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The spa market in the Middle East is expected to see solid growth in spite of a decline in key tourist groups and a more price-sensitive consumer.
Despite difficult conditions for the Middle East beauty market this year, players in the region’s spa market, and particularly Dubai, remain optimistic about continued growth in the sector.
A survey of 25 Dubai spa operators conducted by real estate consultants Colliers International in January and February this year found 76% of respondents expect revenues to grow in 2016. The survey found that the Dubai spa market reported growing demand in 2015, with a 7% increase in the average number of treatments sold per day compared with 2013. The share of walk-in guests in resort spas rose from 27% to 37% between 2014 and 2015, and from 40% to 43% in city hotel spas, indicating a heightened interest in spa treatments in the domestic market, Colliers said.
‘No spa in the city [Dubai] is at full capacity, we all can do more business. We just don’t have the proper guests in the hotels sometimes.” – Paul Hawco, Talise Spa Operations Director Jumeirah Hotels and Resorts
“The data indicates a positive trend for spas,” Colliers International noted, but added: “At the same time, spa operators have observed a rise in the price sensitivity of consumers, indicated by the lack of growth reported in average treatment rates over the same period.”
Indeed, as tourism to the GCC countries from key big spending markets like Russia, Saudi Arabia and China has slowed, spa operators in the region are being forced to adjust prices and their offer to the more price-sensitive tourists from Europe, the US and India. Operators add that Middle East spa customers have become more knowledgeable about treatments and services, and as such expectations have increased.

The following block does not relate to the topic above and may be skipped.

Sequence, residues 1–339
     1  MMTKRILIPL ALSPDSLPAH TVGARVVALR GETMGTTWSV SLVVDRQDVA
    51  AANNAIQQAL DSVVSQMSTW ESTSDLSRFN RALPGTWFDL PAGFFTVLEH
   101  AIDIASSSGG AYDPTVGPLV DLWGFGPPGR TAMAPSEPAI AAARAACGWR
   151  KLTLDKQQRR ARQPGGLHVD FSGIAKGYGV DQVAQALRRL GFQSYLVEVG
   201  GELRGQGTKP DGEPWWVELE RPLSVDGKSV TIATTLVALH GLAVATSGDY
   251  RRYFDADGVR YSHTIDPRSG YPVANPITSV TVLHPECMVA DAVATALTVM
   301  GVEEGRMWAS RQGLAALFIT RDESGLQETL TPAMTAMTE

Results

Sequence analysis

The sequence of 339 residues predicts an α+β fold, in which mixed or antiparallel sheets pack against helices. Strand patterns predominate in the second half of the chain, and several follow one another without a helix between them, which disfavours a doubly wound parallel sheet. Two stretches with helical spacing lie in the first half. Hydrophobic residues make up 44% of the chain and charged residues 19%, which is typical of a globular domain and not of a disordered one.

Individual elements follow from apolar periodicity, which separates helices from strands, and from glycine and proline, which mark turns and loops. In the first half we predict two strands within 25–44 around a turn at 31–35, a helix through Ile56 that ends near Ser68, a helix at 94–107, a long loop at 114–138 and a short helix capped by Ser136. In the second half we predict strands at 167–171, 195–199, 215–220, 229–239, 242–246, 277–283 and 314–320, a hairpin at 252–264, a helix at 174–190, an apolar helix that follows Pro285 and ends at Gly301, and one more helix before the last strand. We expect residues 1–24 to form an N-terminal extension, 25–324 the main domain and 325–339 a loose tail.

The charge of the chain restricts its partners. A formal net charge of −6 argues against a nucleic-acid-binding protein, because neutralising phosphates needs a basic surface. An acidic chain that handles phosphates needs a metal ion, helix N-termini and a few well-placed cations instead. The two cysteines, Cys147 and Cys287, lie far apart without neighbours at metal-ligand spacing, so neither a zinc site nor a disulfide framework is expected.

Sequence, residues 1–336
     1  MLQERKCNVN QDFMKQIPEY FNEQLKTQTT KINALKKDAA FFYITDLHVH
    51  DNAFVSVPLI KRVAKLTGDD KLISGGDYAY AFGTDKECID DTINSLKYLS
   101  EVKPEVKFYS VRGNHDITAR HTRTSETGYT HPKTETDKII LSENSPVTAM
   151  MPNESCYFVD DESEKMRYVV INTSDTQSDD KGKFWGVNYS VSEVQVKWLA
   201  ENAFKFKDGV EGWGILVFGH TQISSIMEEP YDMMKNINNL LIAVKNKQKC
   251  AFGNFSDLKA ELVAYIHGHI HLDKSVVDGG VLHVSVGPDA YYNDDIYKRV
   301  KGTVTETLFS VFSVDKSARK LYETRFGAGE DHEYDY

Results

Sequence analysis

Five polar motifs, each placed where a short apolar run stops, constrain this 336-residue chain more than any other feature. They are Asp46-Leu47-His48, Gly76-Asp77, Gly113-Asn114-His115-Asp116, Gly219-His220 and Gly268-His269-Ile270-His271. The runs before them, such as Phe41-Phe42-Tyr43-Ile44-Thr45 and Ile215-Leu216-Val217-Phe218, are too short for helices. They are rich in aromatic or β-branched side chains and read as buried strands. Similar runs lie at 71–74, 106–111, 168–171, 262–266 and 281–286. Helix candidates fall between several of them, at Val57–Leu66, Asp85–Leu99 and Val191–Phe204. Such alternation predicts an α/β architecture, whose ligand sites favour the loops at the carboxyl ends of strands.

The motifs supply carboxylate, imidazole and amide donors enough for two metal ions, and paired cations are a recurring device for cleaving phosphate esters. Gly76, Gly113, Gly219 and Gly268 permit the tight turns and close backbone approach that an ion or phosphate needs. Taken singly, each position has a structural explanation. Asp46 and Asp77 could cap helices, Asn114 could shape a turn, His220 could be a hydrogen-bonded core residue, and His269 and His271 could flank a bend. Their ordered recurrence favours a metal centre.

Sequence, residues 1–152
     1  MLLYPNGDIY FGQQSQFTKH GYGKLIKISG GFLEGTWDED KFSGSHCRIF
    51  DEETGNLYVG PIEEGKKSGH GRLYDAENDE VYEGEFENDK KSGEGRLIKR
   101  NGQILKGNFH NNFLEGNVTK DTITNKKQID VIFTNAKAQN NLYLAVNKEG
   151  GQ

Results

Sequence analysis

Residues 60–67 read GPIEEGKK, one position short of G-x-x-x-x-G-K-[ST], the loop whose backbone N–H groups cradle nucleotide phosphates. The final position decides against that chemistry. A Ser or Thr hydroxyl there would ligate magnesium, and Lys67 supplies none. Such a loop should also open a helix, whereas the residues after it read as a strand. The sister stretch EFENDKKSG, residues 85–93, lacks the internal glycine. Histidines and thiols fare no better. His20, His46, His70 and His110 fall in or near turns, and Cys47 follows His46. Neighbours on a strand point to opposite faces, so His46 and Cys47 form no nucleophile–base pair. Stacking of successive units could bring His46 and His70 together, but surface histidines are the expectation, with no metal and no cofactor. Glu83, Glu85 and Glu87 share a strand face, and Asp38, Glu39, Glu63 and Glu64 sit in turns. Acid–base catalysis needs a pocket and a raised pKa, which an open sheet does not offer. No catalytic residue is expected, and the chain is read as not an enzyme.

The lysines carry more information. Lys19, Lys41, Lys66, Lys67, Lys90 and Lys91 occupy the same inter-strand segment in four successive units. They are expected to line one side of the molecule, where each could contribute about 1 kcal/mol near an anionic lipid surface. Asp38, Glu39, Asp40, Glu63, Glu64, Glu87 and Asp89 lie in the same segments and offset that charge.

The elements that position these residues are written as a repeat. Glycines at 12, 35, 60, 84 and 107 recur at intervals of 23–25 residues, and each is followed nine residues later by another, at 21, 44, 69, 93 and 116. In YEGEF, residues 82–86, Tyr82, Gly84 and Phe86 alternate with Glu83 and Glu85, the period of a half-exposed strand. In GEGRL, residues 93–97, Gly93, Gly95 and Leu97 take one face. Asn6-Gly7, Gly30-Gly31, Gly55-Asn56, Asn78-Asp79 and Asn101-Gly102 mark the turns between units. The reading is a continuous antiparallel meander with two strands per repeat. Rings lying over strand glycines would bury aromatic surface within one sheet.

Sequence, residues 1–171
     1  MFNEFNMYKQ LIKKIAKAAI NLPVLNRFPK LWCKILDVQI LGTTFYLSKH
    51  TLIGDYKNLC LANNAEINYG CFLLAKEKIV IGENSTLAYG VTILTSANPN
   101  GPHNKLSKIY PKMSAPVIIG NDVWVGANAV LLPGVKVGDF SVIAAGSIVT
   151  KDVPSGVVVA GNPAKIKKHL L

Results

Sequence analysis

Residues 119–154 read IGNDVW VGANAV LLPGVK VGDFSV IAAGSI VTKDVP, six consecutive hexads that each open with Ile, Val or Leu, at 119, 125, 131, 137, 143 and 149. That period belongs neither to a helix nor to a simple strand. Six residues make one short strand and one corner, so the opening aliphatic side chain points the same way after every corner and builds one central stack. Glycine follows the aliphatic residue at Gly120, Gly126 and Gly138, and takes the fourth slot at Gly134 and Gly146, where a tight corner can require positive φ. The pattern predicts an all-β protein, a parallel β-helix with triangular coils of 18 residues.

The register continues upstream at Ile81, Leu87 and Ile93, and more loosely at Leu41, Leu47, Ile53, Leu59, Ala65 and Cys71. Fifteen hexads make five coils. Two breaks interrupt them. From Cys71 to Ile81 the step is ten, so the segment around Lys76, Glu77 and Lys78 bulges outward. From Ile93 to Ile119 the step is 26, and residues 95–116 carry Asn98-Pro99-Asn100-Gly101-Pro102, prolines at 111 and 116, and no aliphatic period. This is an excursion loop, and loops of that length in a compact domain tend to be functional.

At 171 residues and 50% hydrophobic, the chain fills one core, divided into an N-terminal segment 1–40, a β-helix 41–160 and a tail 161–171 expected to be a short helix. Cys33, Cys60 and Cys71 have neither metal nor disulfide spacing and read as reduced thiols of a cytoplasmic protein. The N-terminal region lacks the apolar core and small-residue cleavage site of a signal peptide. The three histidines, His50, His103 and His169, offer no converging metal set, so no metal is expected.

Capturing The Wellness Traveler
Beauty players in the region note that it is now standard for hotels to offer spa facilities and attracting the all-important wellness tourist is key. In March, Talise Spa operations director Jumeirah Hotels and Resorts Paul Hawco told HotelierMiddleEast.com that Dubai spas at Burj Al Arab Jumeirah and the One&Only Royal Mirage were well positioned to capture wellness travelers who spend 130% more than other travelers. However, he noted: “Our spas are so big and they are under-utilized for the most part. No spa in the city [Dubai] is at full capacity, we all can do more business. We just don’t have the proper guests in the hotels sometimes.”
Despite the difficulties, the Colliers report noted that the Dubai spa market continued to grow, adding 11 new spas in 2015. In addition, events such as World Expo 2020, which will be hosted by the UAE and the Football World Cup in Qatar in 2022, are driving major new infrastructure developments – especially hotels – and are expected to provide a boost to tourism. Last September, The Leisure Show Dubai said research conducted for it by Euromonitor International estimated the UAE spa market would generate some $428.4m in revenues in 2015, growing to $544.5m in 2020.
Recent developments in the spa market include the April opening of LivNordic Spa at Cayan Tower in Dubai Marina, which offers Swedish-inspired spa treatments, as well as nutritional advice and products, a gym, fitness classes and an outdoor pool. Also in April, Saudi Arabia’s Mövenpick Hotel Riyadh opened Aurora Spa by Joelle, an all-female spa in a joint venture with GCC television personality Joelle Mardinian. It features six individual therapy rooms and female-only access from the hotel and parking lot.